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Meet Your Zine Maker #18: Dre Grigoropol

January 11, 2012

Q&A with a Brooklyn Zine Fest 2012 exhibitor.

Dre Grigoropol creates homemade comic books about living an anti-glamour lifestyle filled with hi jinks, mischief, and surprises.  Story topics include movie theater etiquette, extreme rock-star idolization, conflicts with menacing fashionistas, and trying to stay true to oneself.

Dre’s work has been featured in the Dirty Diamonds anthology, the Secret Prison tabloid, Art House Co-op’s Sketchbook Project 2011, and the blog Covered.  She also co-organizes the Philly Comix Jam, a monthly meeting for Philadelphia cartoonists.


How did you start making comics? What keeps you working in this medium?

When I was a little kid, I was already a big fan of comics with a large collection.   I would draw all the time, and I would create comics too, which were very similar to those I do now.   I like how I can take control of printing my work by going to print shops and making multiples of books.  The alternative comics community keeps growing bigger, and there is a lot that I’m looking forward to in 2012. 

Comics is the medium that seems most natural to me.  I am enthusiastic about the straightforward communication that comics epitomize.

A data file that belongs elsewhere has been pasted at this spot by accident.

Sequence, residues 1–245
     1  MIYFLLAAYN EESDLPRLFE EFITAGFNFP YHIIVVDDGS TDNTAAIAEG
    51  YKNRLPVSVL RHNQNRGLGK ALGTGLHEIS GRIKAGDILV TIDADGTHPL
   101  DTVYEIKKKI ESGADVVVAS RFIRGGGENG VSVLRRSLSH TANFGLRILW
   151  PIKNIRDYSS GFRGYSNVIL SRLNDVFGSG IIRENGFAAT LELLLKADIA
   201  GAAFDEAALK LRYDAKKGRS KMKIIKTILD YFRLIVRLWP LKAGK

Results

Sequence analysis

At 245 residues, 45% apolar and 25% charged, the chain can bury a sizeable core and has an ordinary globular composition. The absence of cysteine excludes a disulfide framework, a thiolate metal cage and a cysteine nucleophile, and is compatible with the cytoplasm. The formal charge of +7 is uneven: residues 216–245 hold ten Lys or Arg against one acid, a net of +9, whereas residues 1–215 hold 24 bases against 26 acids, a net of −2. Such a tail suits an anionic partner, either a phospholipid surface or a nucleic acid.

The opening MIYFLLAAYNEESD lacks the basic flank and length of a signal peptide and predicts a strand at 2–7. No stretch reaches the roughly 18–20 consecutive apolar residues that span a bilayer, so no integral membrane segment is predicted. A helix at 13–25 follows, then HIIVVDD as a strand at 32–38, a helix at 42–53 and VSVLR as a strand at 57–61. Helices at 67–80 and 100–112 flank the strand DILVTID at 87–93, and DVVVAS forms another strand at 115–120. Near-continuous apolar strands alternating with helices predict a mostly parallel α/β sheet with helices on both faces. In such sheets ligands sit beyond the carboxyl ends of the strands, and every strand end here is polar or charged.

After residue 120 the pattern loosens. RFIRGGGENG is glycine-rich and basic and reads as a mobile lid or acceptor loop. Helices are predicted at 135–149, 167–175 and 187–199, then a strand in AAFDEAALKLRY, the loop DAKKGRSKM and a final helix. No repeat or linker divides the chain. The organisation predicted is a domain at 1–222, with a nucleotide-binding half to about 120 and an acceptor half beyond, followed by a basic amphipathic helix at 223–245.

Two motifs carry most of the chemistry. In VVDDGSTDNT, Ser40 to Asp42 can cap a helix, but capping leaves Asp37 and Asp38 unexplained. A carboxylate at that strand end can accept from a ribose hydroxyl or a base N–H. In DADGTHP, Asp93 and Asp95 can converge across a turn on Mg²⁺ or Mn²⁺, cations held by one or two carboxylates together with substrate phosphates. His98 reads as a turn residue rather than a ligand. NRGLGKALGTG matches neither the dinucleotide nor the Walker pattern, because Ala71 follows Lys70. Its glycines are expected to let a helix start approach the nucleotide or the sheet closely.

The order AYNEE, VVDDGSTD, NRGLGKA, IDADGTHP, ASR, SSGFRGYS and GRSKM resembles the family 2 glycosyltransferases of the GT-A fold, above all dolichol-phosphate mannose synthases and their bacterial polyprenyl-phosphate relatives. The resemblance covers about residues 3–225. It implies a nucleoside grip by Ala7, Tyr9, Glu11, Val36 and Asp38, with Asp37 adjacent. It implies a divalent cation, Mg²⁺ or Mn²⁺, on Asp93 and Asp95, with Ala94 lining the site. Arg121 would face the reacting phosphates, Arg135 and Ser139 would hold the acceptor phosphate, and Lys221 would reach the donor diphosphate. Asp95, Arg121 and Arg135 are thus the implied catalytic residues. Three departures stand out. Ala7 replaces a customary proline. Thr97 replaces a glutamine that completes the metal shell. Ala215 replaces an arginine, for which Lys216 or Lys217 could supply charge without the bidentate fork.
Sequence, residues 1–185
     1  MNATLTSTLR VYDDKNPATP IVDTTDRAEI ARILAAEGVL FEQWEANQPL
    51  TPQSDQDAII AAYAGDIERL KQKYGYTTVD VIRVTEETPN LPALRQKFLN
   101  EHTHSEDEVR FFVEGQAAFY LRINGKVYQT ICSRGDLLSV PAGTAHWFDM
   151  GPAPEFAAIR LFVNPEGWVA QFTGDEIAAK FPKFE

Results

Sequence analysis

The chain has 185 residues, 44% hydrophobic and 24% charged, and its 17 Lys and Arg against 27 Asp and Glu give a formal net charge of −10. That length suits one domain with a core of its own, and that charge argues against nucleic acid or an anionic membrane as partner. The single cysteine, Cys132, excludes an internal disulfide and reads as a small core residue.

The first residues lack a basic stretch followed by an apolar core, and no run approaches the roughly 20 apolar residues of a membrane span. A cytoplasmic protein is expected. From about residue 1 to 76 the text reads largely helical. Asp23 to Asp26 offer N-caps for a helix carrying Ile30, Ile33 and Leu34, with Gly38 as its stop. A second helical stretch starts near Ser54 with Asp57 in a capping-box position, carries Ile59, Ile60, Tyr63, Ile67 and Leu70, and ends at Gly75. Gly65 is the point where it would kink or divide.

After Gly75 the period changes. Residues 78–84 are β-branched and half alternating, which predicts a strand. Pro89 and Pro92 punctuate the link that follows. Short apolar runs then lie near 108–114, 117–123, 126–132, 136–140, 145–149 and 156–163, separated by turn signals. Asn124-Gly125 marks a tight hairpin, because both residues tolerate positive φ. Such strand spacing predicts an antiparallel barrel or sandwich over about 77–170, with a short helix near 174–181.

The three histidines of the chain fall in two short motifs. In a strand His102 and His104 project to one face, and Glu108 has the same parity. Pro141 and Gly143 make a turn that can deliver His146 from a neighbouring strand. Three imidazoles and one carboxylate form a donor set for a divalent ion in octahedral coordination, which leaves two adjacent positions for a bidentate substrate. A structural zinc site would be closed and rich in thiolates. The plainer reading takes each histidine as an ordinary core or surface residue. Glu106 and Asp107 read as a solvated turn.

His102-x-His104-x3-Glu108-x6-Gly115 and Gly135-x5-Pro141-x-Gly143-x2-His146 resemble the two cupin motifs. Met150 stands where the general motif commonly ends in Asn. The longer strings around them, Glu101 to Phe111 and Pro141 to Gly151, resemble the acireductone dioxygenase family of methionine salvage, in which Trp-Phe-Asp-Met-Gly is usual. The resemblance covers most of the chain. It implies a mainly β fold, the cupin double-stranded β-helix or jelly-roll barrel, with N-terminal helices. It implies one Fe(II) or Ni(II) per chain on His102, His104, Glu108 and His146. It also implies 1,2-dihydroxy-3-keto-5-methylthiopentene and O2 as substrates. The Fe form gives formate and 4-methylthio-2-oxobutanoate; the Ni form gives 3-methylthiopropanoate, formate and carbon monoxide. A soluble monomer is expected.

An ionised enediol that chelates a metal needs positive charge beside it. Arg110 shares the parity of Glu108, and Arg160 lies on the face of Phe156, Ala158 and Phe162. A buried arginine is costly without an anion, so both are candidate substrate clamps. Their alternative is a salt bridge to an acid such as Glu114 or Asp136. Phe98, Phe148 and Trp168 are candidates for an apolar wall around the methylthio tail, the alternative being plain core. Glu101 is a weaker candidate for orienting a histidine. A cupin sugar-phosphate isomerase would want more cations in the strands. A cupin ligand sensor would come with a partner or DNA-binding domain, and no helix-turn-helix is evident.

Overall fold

Read anything great recently?

Yes, I recently read the Whatcha’ Mean, What’s A Zine? guide to zines; I would recommend it to anyone who is interested in making zines and comics or/and teaching others how to make them. The book is by Mark Todd and Ester Pearl Watson, with many other amazing contributors.

Ester Pearl Watson has been one of my inspirations.  I became familiar with her comic Tammy Pierce is Unlovable years ago through Bust, one of my favorite magazines.  In Whatcha’ Mean, What’s A Zine?, there is an interview with Laurie Henzel, one of the co-founders of Bust, who describes how Bust started off as a zine.  This book is a masterpiece.


How do you usually find zines and comics that interest you?

By looking around at festivals, book shops, the library, and searching the web.  I know a lot of people who make comics too, many through the Philly Comix Jam, a monthly event I am currently an organizer of.  I really recommend participating in a local get-together like a comix jam.  If you don’t have one nearby, start one in your community.

What do you like about attending or tabling at zine events?

I find tabling at events like this to be thrilling.  I need to expose my work to a real live audience who is interested in what I’m doing.  I like traveling to other cities and meeting new people.  You never know who you are going to meet, or what new opportunities will come your way because of participating in events like the Brooklyn Zine Fest.


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